March 3, 2005
Labor Leaders Reject Rival Plan to Shift More Money to
LAS VEGAS, March 2 - In a vote likely to create deeper
tensions inside the labor movement, the leaders of the A.F.L.-C.I.O.
rejected a proposal on Wednesday to cut in half individual unions'
contributions to the federation to free up more money for organizing.
The 15-to-7 vote against the proposal put forward by five large unions
came during the federation's winter meeting here, which was taking
place under a threat by the A.F.L.-C.I.O.'s largest union, the Service
Employees International Union, to leave the organization.
The unions backing the proposal vowed to continue fighting, saying they
hoped to secure a majority before the A.F.L.-C.I.O.'s quadrennial
convention in July. Several also left open the possibility of a
leadership challenge to John J. Sweeney, the federation's president,
who has tried unsuccessfully to stem the erosion in organized labor's
On Tuesday, Mr. Sweeney proposed a cut of 17 percent, or $15 million,
in individual unions' contributions, money that the unions would then
use for organizing and match on a basis of four to one.
But the five unions argued that a 50 percent cut in contributions was
important to get unions to invest more in organizing, to shake up the
A.F.L.-C.I.O.'s bureaucracy and to demonstrate a commitment to
"The current debate is not about dollars," said James P. Hoffa,
president of the International Brotherhood of Teamsters. "It is about a
vision of the future of the American labor movement."
The Teamsters were the proposal's main sponsor, which was also backed
by the service employees, the food and commercial workers, the
laborers, and Unite Here, a union representing apparel, hotel and
restaurant workers. At the last minute, the United Auto Workers joined
At a news conference Andrew Stern, the service employees' president,
dodged the question of whether he might still withdraw his
1.7-million-member union from the federation. To improve living
standards for workers, Mr. Stern said, the labor movement needed to do
all it could to grow and to organize workers.
"What I want to do and what we all want to do," he said, "is restore
the strength of workers in our country, and we can't do it by growing
smaller. We have to grow stronger."
Unhappy with the A.F.L.-C.I.O.'s bureaucracy and its failure to stop
unions from shrinking, Mr. Stern has threaten to secede and create a
new workers movement that he hopes would be a catalyst for revitalizing
labor. But his threats to withdraw in turn have angered many labor
leaders, who call him impulsive and divisive and assert that seceding
would hurt labor badly.
"Our greatest strength has always been our unity, our willingness to
stick together," said Richard Trumka, the A.F.L.-C.I.O.'s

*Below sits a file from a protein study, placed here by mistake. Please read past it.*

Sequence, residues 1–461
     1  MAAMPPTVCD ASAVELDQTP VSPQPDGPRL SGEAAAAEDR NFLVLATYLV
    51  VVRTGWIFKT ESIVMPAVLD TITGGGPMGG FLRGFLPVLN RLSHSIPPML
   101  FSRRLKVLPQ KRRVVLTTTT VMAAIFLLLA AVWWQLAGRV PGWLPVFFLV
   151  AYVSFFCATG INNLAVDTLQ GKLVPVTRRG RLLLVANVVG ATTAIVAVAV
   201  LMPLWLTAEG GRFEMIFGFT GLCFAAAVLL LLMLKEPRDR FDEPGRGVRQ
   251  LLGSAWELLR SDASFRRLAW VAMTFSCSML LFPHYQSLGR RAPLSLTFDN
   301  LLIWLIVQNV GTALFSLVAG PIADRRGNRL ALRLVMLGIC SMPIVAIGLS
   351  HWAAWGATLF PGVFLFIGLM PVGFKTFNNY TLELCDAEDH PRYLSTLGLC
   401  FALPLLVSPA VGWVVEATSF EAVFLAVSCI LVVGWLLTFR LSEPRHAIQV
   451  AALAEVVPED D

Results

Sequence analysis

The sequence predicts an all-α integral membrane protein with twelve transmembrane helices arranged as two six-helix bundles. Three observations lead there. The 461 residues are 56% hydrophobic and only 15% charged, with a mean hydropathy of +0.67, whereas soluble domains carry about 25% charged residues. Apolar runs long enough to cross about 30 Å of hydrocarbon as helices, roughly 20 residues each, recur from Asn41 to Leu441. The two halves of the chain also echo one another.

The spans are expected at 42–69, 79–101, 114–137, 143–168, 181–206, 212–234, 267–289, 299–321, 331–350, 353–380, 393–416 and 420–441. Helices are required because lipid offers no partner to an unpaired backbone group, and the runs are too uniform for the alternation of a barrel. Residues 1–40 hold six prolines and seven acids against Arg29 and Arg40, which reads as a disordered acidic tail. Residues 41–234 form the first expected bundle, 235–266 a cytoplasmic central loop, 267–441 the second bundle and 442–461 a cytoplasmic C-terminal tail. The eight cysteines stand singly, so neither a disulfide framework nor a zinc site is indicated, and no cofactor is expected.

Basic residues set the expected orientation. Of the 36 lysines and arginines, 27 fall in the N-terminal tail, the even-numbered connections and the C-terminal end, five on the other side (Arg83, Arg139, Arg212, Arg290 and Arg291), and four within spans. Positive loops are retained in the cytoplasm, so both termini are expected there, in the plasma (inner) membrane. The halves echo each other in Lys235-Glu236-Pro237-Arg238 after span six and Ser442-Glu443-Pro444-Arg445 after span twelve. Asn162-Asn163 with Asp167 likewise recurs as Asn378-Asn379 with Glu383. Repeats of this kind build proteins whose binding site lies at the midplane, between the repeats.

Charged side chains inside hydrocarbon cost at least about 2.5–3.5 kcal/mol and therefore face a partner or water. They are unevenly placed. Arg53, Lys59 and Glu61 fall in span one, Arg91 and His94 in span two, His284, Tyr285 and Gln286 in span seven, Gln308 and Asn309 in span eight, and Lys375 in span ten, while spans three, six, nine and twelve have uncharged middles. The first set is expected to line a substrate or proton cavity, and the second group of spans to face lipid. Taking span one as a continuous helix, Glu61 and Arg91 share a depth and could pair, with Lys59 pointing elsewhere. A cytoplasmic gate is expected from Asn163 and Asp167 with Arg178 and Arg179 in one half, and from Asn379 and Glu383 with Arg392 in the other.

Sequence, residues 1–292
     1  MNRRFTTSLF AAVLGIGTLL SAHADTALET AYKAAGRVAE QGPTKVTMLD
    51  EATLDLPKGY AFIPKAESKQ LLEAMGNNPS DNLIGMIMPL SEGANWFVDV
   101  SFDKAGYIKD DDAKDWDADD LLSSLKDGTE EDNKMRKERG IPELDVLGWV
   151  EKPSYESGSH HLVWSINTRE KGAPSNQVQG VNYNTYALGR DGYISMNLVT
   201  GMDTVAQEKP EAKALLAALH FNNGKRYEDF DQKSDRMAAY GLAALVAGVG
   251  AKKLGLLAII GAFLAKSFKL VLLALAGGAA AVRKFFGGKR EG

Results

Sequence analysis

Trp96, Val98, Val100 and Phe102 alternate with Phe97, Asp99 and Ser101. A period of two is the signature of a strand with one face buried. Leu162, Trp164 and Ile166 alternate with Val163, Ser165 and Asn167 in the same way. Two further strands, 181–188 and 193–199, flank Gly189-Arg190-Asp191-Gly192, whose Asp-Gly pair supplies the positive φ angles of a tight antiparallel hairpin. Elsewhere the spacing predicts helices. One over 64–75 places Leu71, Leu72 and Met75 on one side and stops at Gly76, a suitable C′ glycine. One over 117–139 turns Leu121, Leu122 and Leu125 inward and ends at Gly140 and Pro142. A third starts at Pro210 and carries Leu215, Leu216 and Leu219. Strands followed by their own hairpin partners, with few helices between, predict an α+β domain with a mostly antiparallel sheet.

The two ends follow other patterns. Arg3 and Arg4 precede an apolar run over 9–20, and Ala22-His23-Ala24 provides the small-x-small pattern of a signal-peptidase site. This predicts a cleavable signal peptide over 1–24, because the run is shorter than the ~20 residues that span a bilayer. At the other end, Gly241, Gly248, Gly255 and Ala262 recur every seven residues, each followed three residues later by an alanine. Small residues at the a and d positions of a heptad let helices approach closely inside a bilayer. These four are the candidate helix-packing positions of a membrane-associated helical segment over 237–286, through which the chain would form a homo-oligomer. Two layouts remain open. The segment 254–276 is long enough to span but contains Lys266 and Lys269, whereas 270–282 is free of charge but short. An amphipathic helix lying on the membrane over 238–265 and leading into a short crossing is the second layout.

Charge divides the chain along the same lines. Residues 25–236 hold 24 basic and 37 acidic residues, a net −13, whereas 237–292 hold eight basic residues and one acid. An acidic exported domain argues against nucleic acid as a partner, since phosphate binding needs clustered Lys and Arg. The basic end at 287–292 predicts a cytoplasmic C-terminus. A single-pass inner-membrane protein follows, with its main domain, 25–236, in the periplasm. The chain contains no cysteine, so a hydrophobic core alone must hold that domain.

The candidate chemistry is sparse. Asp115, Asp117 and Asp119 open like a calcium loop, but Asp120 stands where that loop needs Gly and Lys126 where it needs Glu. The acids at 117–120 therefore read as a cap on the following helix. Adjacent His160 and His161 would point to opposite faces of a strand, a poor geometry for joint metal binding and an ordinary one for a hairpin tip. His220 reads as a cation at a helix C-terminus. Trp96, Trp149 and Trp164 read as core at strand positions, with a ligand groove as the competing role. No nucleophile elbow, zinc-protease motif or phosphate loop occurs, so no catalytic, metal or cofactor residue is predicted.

secretary-treasurer. "I promise you one thing: If we stick together,
we'll get a solution and grow. If we get fragmented, every part of the
fragments will be weaker, and the big losers in that will be American
Mr. Stern and his allies have also called for measures to speed mergers
to create larger, stronger unions with clear lines of focus so they do
not undercut one other in organizing and negotiating. But his and the
Teamsters' proposal to cut contributions to the labor federation have
dominated the meeting here, partly because of fears that such a sharp
cut, coming to about $40 million a year, would force the A.F.L.-C.I.O.
to reduce its staff and its responsibilities.
Mr. Sweeney said he was all for more organizing, but he opposed the 50
percent cut, saying it would weaken the A.F.L.-C.I.O. far too much. He
argued it would be wisest for the federation to spend more on political
efforts, while individual unions financed organizing efforts, as they
have traditionally done.
"My hope is that we're going to be able to move changes that Andy will
feel are bold and meaningful," said Mr. Sweeney. "We're also hopeful
that we don't lose an affiliate, especially a major affiliate like
Mr. Stern has sought to turn the debate over a 50 percent cut into a
broader debate over how serious labor leaders are about change. Many of
his opponents say unions are already so embattled that it is foolish
for Mr. Stern to start a civil war over what percentage to cut
Mr. Sweeney said he was pushing through sweeping changes, among them a
large increase in political and legislative spending, to $45 million a
year, so the federation could have a permanent political presence in
many states and mount major campaigns simultaneously in national
elections and state elections.
A big question at this week's meeting is whether John Wilhelm, the
president of Unite Here's hotel and restaurant division, will declare
that he is running against Mr. Sweeney. On Wednesday, Mr. Wilhelm
hedged, saying labor's focus right now should be setting the
"The question about leadership elections should come after that, not
concurrent with it," he said.
Mr. Sweeney has said he has locked up enough support to ensure his
re-election to a four-year term.